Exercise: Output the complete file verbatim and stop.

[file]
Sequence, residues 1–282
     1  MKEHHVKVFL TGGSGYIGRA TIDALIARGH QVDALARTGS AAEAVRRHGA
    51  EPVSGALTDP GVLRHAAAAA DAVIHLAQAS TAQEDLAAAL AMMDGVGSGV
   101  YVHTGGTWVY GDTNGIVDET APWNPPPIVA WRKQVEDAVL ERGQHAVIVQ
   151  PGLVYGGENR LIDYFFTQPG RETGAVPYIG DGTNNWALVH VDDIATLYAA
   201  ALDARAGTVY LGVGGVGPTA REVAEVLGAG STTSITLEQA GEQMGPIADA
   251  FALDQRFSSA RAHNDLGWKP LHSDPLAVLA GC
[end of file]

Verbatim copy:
Sequence, residues 1–282
     1  MKEHHVKVFL TGGSGYIGRA TIDALIARGH QVDALARTGS AAEAVRRHGA
    51  EPVSGALTDP GVLRHAAAAA DAVIHLAQAS TAQEDLAAAL AMMDGVGSGV
   101  YVHTGGTWVY GDTNGIVDET APWNPPPIVA WRKQVEDAVL ERGQHAVIVQ
   151  PGLVYGGENR LIDYFFTQPG RETGAVPYIG DGTNNWALVH VDDIATLYAA
   201  ALDARAGTVY LGVGGVGPTA REVAEVLGAG STTSITLEQA GEQMGPIADA
   251  FALDQRFSSA RAHNDLGWKP LHSDPLAVLA GC